Not too long from now, those peaches and peppers you love will be getting some TLC from a few farmers’ friends made of silicon and metal.
Engineers at a number of institutions and companies are working on systems that will help farmers tend their crops by offering new insights into real-time conditions of the plants, soil and atmosphere.
“Agriculture right now is at a unique point, with lots of R&D going on,” Gary McMurray, a mechanical engineer who leads the Georgia Tech Research Institute’s efforts in food processing technology, tells Txchnologist. “In the next five to 10 years, you’re going to see a significant change in the farm. There’s a lot of technology coming.”
McMurray says robots, his area of research expertise, are going to be the main enabling technology. The drivers of farm innovations, he says, are U.S. Department of Agriculture research funding and defense contractors looking for new opportunities for their technologies after current conflicts taper off. “Even venture capital is going into agriculture companies,” he says.
In Illinois and at Georgia Tech, for example, researchers are taking steps to use flying and ground-crawling robots to help farmers better manage the land and plants.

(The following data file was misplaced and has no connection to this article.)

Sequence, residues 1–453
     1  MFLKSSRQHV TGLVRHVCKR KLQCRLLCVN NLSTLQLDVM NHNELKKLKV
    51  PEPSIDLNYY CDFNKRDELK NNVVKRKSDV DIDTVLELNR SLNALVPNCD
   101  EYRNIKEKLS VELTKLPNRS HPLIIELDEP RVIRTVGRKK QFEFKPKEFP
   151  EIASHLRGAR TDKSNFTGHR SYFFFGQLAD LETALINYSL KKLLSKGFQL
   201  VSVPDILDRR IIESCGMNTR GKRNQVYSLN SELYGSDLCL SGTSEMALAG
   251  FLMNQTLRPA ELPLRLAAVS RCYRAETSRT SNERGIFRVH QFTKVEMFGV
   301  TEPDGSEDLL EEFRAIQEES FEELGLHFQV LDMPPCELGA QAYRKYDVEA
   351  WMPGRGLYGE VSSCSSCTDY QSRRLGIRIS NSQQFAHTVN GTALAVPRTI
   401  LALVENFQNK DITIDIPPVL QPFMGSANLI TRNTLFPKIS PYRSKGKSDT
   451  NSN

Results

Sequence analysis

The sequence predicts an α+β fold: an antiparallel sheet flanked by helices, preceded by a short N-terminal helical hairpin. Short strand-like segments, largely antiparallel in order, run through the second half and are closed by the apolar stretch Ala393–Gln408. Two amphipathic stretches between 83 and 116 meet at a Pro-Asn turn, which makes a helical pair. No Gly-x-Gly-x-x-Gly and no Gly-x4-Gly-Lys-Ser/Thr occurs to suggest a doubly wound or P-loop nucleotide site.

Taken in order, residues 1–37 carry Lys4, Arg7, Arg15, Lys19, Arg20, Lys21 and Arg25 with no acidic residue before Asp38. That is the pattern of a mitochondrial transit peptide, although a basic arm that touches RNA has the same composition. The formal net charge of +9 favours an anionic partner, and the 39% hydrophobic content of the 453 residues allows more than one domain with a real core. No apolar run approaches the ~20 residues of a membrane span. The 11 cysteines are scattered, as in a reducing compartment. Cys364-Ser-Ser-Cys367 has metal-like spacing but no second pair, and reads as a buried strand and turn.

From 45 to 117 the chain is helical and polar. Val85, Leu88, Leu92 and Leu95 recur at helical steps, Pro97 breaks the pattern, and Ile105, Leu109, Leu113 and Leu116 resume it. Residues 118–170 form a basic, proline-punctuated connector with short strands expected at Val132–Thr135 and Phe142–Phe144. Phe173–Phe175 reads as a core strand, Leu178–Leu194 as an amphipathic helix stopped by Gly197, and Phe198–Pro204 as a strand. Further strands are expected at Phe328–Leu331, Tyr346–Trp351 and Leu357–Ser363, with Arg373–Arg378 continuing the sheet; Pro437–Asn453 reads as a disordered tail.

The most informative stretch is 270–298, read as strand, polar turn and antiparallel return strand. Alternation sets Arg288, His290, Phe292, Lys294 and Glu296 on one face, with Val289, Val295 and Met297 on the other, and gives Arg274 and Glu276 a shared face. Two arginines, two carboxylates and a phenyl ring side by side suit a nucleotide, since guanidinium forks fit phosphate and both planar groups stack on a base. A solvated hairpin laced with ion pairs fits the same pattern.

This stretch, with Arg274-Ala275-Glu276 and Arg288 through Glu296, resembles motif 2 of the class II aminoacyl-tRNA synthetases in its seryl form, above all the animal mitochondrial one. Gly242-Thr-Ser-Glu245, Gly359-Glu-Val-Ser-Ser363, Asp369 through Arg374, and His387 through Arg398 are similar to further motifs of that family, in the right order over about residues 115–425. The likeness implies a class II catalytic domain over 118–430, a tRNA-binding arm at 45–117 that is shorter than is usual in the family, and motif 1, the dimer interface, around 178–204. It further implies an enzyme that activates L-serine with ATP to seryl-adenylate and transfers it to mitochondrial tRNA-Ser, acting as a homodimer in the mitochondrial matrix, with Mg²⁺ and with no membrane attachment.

At a University of Illinois research farm, visitors are likely to see something in the air this growing season instead of crop dusters. Crop scientists are flying two camera-equipped drones over fields to see if the machines can alleviate some of the work monitoring large acreages of plants for problems. Researchers intentionally erred in applying fertilizer and over- or under-watering plots. They want to see if the drone’s infrared cameras can detect differences in absorbed and reflected light coming from crops. Such changes can be an indication that plants are under stress from their mistakes or attack by pests.
“As the crop gets up and going, we’ll fly over it and see if we can detect those areas sooner than we could visually from the ground,” said Dennis Bowman, a University of Illinois crop sciences educator, in a statement. “It probably isn’t going to tell us what the problem is, but it will tell us where problems are so that we can target our scouting in those specific areas and determine what might be occurring.”
(Crop scientist Dennis Bowman pilots a quadrotor drone equipped with an infrared camera over a research crop field. Courtesy University of Illinois.)
McMurray’s Georgia Tech team, meanwhile, has developed a miniaturized gas chromatograph (GC) for early detection of diseases in crops. At the University of Illinois, they’re experimenting with drones to see if they can detect problems from above.
The GC device builds on work miniaturizing an instrument whose home used to be the lab. Georgia Tech’s innovation takes the typically desktop- or larger-sized machine, which is used to separate and analyze chemical compounds, and shrinks it down using nanotechnology to about the size of a 9-volt battery.